Coloration of the holotype in preservative with a pair of lateral dark brown stripes (about two scales wide on the neck) relatively large and well defined anteriorly (overlapping rostral, mental, first four supralabials, loreals, and presuboculars), then progressively breaking up into two parallel very thin dashed lines posteriorly to forelimbs, hardly distinguishable from the rest of the dots covering the body. Dorsum and dorsal sides of forelimbs, hindlimbs and tail light bronze. The bronze dorsal field and flanks are covered by numerous little dark dots, each of them in the middle of a dorsal scale, in contact with its posterior edge; resulting in many thin dash lines (14 to 16 at midbody, including the dark lateral stripes), darker and more contrasted in the posterior part of the dorsum, then posteriorly becoming progressively indistinguishable from the background coloration of tail, and laterally, becoming progressively indistinguishable from the light coloration of the ventral field. No distinct border between the background coloration of the dorsal and the ventral sides. Immaculate whitish ventral field extending from lower side of head (mental excluded), throat, lower side of limbs and venter, to the ventral side of tail. Palms and soles barely darker than venter. Coloration in life was almost identical to the coloration in preservative, with the only significant difference being the presence of iridescent glints of scales and a venter with some violet-pinkish tint (cf. Figs 4J, K).

Variation

For variation in measurements and scale characters see Table 1. Some variation is evident with respect to overall dorsal and tail coloration. The paratype from Ankarana was more or less similar to the holotype described above, with a bronze dorsal color predominating the dorsum and tail. At Montagne des Français, specimens were generally darker, with a bronze-brown dorsal coloration and a reddish brown tail dorsally and red-orange tail ventrally.

Etymology

The specific epithet miafina is the Malagasy word for “secretive”. The name refers to the secretive habits of the species, as all specimens were exclusively trapped by pitfalls and never observed in situ, as well as to the fact that this species was hidden behind several other taxon names in use and could only be discovered by an integrative taxonomic approach. The name is treated as an invariable noun in apposition.

Distribution, habitat and habits

The species is known from northernmost Madagascar including at least four localities (see localities of type specimens above and Fig. 5) with karstic outcrops and sandy soils. The species apparently has nocturnal and secretive habits, as all specimens were exclusively caught by pitfall trapping overnight in forest or shrub areas. The species can therefore be considered to represent a leaf litter dweller. The new species occurs in sympatry with M. arenicola and M. stumpffi. Hence, it appears to tolerate a rather wide range of habitat conditions, whereas M. arenicola exclusively occurs on sandy soils and M. stumpffi seems to be restricted to forests. Nothing else is known on the natural history of the new species.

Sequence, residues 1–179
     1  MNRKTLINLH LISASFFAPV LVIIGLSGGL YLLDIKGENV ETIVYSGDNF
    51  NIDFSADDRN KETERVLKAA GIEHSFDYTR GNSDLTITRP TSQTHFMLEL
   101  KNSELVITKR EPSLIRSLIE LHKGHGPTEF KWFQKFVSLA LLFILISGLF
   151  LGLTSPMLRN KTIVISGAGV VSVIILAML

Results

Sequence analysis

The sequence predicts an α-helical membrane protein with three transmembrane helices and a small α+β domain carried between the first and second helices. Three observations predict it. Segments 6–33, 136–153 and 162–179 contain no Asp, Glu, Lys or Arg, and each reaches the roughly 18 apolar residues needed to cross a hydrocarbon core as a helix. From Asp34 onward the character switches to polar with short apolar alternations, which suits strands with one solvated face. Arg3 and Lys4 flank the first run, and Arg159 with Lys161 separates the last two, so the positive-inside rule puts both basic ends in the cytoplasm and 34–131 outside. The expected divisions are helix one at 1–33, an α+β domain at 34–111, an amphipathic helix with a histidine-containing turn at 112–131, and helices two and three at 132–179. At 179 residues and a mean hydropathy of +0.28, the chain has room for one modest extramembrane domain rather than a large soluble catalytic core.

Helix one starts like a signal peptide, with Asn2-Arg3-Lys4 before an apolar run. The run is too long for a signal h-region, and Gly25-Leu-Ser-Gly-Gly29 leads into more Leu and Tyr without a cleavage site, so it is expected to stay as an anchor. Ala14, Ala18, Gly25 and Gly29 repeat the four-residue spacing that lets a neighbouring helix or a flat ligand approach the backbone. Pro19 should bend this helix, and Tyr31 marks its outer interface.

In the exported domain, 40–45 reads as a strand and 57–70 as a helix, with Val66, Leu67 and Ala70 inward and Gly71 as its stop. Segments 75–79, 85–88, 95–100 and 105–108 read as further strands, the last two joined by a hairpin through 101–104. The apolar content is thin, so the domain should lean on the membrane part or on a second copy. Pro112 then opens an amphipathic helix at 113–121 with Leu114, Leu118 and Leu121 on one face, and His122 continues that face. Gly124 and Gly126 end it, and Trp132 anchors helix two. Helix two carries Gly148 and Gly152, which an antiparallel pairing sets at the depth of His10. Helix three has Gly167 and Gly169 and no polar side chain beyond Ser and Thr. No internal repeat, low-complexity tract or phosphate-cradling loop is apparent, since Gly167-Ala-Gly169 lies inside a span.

Figure 5.

Distribution maps for Madascincus species. Colored dots are representing localities sampled in the molecular studies by Miralles and Vences (2013), whereas white dots are representing localities of specimens only identified by morphology, and/or type localities. For M. polleni, another locality has been added based on a recent paper from Rakotoarison et al. (2015), who have collected an additional specimen (ZCMV 14157) in Mitsinjo forest in north-western Madagascar (16°02’54.5”S, 45°47’24.1”E). The identity of this specimen is confirmed by both its morphological characteristics and its phylogenetic position inferred from a segment of the 16S rRNA gene (nested within the M. polleni clade, and closely related to the population of Ankarafanstika, GenBank accession number KR025911). Note that for some species,especially M. mouroundavae, additional verified localities exist but these are here excluded for consistency because no samples were examined in the framework of the present study.

Madascincus pyrurus sp. n.

Figs 3A, 4D, E

Holotype

ZSM 520/2001 (MV 2001-445), adult male from Mont Ibity, approximately at 20°14’S, 47°03’E, 1700–1800 m above sea level, Fianarantsoa province, central Madagascar, collected on 10 March 2001 by M. Vences, D.R. Vieites, L. Raharivololoniaina and D. Rakotomalala.

Paratypes

(n=7). MNHN 1980-1217, Mont Ibity, Fianarantsoa province, central Madagascar, coll. by Y. Thérézien and R. Capuron; ZSM 518–519/2001 (MV 2001-441, 2001-444), UADBA uncatalogued (MV2001.442 and 443), same data as holotype; ZSM 521/2001 (MV 2001-611), UADBA uncatalogued (MV2001.610), Itremo (camp, 20°36’08’’S, 46°34’16’’E, 1648 m a.s.l.), Fianarantsoa province, coll. on 10 March 2001 by M. Vences, D.R. Vieites, L. Raharivololoniaina and D. Rakotomalala.

Chresonyms

Scelotes igneocaudatus – Blanc (1967), Brygoo (1981, partim);

Amphiglossus igneocaudatusBrygoo (1984, partim), Whiting et al. (2004), Schmitz et al. (2005);

Madascincus igneocaudatusGlaw and Vences (2007, partim), Crottini et al. (2009; partim), Miralles et al. (2011a, c, partim; 2011b);

Madascincus igneocaudatusigneocaudatus-C clade” – Miralles and Vences (2013);

Madascincus sp. “igneocaudatus” central clade – Miralles et al. (2015).